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Posted in Blog Tour, Book Review, Family Drama, Historical Fiction, Literary Fiction, Travel

A Question of Country Sue Parritt 4* #Review @rararesources #RachelsRandomResources #Australia #Emigrating #Migrants #1970s LiteraryFiction #social #feminisim #women #marriage #career #family #relationships #historicalfiction #BlogTour #BookReview

On Christmas Eve 1969, a letter from Australia House, London, brings welcome news for newly-weds Anna and Joseph Fletcher.

Young and idealistic, Anna falls passionately in love with their adopted land. Seven months later, an unexpected event causes their life to take a stressful turn.

Years pass, and Anna retreats to a fictional world she has created. But when a different challenge presents itself, does she have the courage to take the risk… or will she take refuge in fantasy?

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I received a copy of this book from the author in return for an honest review.

My Thoughts…

An interesting novel. Set predominately in Australia, in the 1970s, it traces the lives of a young couple who emigrated from England to Australia in 1970. Prejudice and social injustice are explored, on their voyage to their new home. The details of life as a migrant in Australia, build the world Anna and Joe find themselves in. Anna loves her new country but when her circumstances change the rose coloured glasses cloud a little.

Told in the third person, it reads like a memoir. Anna’s emotional struggles are believable, and her escape into literature is relatable. A flawed, pioneering woman, Anna highlights the forgotten in society insightfully.

This historically based novel is intrinsically interesting and thought-provoking.

Sue Parritt

Originally from England, Sue worked in university libraries until taking early retirement in 2008 to concentrate on creative writing. Since then she has written short stories, articles, poetry, a short TV drama script and six novels:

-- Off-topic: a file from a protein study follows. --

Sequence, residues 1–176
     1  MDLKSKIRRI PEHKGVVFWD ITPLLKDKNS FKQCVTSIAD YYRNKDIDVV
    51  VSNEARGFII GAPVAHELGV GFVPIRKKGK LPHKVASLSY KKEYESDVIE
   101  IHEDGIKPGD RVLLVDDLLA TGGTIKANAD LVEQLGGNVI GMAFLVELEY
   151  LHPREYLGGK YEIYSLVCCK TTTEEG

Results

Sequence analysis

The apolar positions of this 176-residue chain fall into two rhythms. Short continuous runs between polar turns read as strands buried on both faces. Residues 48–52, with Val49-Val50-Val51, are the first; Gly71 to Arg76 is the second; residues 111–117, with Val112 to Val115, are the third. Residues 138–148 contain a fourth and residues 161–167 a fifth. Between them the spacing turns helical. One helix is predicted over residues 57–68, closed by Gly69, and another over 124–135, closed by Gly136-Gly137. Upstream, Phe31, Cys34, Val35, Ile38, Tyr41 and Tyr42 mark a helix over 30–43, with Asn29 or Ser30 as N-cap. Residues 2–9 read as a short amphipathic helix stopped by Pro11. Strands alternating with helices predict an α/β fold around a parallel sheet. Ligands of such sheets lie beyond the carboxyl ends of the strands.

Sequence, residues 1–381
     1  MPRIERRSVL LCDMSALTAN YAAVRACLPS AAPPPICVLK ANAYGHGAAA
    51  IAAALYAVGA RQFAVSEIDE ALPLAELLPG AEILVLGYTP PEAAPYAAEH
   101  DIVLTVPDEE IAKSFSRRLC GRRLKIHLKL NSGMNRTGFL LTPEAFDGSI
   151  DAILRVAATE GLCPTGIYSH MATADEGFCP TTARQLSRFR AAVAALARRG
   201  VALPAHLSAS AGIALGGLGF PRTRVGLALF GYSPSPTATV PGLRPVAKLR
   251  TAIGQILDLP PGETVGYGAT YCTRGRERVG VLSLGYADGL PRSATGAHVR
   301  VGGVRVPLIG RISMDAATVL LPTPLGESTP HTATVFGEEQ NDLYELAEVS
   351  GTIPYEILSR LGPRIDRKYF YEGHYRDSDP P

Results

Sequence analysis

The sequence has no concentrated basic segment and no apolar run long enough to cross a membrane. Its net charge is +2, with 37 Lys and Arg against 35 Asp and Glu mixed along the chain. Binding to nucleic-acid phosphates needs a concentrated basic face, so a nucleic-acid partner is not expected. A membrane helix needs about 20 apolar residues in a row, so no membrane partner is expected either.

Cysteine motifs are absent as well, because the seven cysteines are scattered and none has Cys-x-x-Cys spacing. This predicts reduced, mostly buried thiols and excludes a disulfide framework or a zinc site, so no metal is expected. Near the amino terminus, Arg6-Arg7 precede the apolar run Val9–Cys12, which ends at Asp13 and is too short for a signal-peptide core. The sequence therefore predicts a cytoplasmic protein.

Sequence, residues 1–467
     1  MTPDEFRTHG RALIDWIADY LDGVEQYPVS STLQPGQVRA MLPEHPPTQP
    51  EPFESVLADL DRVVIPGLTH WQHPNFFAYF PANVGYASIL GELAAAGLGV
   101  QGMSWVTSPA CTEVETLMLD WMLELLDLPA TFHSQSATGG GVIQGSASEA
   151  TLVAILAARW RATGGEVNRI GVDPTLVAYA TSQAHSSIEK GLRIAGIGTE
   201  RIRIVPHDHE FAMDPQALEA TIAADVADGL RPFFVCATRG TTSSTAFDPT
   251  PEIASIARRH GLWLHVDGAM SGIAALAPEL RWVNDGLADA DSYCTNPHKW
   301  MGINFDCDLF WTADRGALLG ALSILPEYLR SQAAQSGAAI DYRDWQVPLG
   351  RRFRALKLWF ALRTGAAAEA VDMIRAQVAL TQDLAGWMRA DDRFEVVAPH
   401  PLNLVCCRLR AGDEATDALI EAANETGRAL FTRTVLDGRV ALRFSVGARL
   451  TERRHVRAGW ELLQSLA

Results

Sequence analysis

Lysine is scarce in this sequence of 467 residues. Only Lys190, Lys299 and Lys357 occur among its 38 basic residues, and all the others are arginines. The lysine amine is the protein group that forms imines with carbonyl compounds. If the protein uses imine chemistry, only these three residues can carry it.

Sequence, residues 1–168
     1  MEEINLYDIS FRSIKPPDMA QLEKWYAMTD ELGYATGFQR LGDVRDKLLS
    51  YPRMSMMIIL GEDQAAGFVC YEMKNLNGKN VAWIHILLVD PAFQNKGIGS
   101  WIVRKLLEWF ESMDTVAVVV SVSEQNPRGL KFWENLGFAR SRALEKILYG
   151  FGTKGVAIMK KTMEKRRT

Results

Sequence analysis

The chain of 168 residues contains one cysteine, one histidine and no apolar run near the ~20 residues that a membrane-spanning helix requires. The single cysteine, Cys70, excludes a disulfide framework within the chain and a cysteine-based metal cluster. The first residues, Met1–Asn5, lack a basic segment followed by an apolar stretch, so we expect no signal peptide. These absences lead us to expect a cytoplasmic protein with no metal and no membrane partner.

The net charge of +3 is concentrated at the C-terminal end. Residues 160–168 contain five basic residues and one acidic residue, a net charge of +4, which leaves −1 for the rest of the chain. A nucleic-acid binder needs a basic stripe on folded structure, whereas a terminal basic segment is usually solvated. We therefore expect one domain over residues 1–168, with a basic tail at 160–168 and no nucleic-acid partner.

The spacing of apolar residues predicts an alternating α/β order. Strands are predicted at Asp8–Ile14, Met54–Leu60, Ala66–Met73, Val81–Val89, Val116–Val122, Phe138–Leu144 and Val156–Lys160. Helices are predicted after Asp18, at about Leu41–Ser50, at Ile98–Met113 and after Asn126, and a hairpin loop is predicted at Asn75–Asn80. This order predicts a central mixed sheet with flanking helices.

Sannah and the Pilgrim, first in a trilogy of a future dystopian Australia focusing on climate change and the harsh treatment of refugees from drowned Pacific islands. Odyssey Books, 2014. Commended in the FAW Christina Stead Award, 2014.

Pia and the Skyman, Odyssey Books, 2016. Commended in the FAW Christina Stead Award, 2016.

The Sky-Lines Alliance, Odyssey Books, 2016.

Chrysalis, the story of a perceptive girl growing up in a Quaker family in swinging sixties’ Britain. Morning Star Press, 2017

Re-Navigation recounts a life turned upside down when forty-year-old Julia journeys from the sanctuary of middle-class Australian suburbia to undertake a retreat at a college located on an isolated Welsh island. Creativia Publishing, 2019.

Feed Thy Enemy, based on her father’s experiences, is an account of courage and compassion in the face of trauma as a British airman embarks on a plan that risks all to feed a starving, war-stricken family. Creativia Publishing, 2019.

A Question of Country explores the migrant experience through the protagonist’s lifelong search for meaningful identity. Next Chapter (formerly Creativia Publishing), 2020.

Sue’s current project, working title: Twenty-eight Days, first in The Doorkeeper series,isset in Southern Australia in 2100. It deals with overpopulation and extended life expectancy in an increasingly climate-challenged world and the inhumane solutions adopted by a government determined to rid Australia of unproductive citizens.

Passionate about peace and social justice issues, Sue’s goal as a fiction writer is to continue writing novels that address topics such as climate change, the effects of war, the treatment of refugees, feminism and racism.  Sue intends to keep on writing for as long as possible, believing the extensive life experiences of older writers can be employed to engage readers of all ages.

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Posted in Blog Tour, Book Review, Crime, Gangland Crime, Historical Crime Fiction, Noir, Psychological Thriller, Suspense, Thriller

Silent Money G.D.Harper 4*#Review @harper_author @rararesources #Thriller #PsychologicalThriller #noir #crime #Glasgow #1970s